Above: Ronnie Burkett and marionette
Papier mâché can be rather featherweight for a stringed-puppet, and care must be taken to add ballast to such a lightweight material, to anchor the marionette in gravity so that it doesn’t bob about or wobble. Makers often add lead weights into the feet of marionettes, to keep them in contact with the ground.
But don’t be daunted by Burkett’s peerless modelling skills. His is not the only way to make a puppet. Eric Sanko creates figures that are cruder in terms of finish, and yet are powerfully characterful, quite as capable of holding the attention of an audience as Burkett’s impressively detailed marionettes.
Below: marionette by Eric Sanko
In the first part of this post, I showed puppets by the Russian artist Aleksandra Aleksandrovna Ekster, and here is another constructivist marionette by her from the Los Angeles County Museum of Art, that shows just how varied the art of marionette design can be. I would love to see this puppet in action, not least because I’m sure that it would be modernist in its movement, as well as its appearance. Not all marionettes need to imitate human locomotion.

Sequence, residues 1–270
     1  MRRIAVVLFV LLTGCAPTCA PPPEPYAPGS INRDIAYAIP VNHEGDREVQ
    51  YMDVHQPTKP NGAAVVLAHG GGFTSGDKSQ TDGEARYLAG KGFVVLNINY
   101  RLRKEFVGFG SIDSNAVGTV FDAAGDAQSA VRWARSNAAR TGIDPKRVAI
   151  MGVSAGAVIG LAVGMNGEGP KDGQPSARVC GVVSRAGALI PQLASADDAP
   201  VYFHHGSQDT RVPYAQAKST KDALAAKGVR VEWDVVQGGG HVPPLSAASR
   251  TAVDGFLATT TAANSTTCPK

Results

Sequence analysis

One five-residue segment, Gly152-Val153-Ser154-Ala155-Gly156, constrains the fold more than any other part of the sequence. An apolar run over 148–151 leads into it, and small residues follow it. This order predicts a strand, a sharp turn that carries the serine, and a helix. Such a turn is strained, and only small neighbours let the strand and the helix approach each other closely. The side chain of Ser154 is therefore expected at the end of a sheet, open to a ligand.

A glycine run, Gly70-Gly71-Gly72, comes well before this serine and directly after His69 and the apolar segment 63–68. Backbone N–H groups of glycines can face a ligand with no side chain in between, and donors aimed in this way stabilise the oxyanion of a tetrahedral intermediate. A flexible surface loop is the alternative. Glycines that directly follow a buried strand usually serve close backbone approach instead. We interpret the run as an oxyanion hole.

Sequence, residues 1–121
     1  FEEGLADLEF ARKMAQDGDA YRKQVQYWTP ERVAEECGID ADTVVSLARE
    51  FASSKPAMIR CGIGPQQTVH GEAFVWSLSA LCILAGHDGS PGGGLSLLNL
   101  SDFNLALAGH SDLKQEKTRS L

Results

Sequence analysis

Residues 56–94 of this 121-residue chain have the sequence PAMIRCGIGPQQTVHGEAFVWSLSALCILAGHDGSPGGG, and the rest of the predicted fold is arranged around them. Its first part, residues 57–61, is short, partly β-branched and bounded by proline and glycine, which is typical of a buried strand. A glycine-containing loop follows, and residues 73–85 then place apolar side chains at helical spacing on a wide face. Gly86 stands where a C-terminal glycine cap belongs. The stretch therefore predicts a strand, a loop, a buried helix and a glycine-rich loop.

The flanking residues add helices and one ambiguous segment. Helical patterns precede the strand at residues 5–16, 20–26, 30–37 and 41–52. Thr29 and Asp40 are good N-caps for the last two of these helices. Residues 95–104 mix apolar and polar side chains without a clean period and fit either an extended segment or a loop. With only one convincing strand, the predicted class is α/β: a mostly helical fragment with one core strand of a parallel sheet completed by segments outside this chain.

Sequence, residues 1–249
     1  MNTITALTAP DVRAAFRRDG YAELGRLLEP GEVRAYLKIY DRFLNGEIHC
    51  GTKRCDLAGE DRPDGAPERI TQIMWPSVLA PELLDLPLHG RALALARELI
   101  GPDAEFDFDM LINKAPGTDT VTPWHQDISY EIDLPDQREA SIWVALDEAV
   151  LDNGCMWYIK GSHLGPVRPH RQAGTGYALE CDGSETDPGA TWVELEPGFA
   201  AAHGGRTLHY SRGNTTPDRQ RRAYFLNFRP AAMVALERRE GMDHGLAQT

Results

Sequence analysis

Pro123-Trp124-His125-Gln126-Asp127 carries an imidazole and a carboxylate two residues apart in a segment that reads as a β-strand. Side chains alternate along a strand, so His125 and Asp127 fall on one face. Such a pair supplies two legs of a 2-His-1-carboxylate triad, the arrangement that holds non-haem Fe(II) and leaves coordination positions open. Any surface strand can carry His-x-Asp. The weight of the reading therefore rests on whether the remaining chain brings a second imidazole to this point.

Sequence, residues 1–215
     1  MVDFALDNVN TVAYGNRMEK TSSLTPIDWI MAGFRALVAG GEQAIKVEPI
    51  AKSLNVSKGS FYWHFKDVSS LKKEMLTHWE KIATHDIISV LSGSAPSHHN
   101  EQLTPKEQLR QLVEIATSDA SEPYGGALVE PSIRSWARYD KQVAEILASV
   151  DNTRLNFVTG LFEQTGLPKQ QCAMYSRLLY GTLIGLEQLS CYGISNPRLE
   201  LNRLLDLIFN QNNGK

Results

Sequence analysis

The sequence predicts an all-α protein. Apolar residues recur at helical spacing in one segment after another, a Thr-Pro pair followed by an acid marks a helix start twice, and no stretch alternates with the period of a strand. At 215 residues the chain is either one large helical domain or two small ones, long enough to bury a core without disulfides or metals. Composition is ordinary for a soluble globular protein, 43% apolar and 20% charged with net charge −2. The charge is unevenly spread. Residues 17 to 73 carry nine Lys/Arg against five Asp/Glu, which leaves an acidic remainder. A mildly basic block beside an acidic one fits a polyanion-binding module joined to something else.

And finally, a puppet by Czech marionette master, Jan Ruzicka, illustrating just how impressive simple construction can be when harnessed to such beautiful design and execution. The leather thongs he’s used for the arms look so good that he hasn’t seen the need to cover them with sleeves. The proportions of this puppet are wonderful. All attention is drawn to the over-scaled head with its vibrant expression, and to the large hands that emphasise gesture. The metal control-rod to the head lends much greater control over movement in such a small puppet than could be achieved with strings alone. This little creature can be made to turn her head, and to cock it in a bright, bird-like manner. A masterpiece in miniature, and utterly charming.
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Fabulous and very useful posts Clive 😀 I was hoping to have a go at whittling some wooden parts, I’ve had to put the idea aside for now due to a lack of time but it’s something I’d like to try at some time 🙂
these posts are fabulous, i can’t tell you how helpful, and i am now in love with hadley, burkett and sanko….. so many ideas!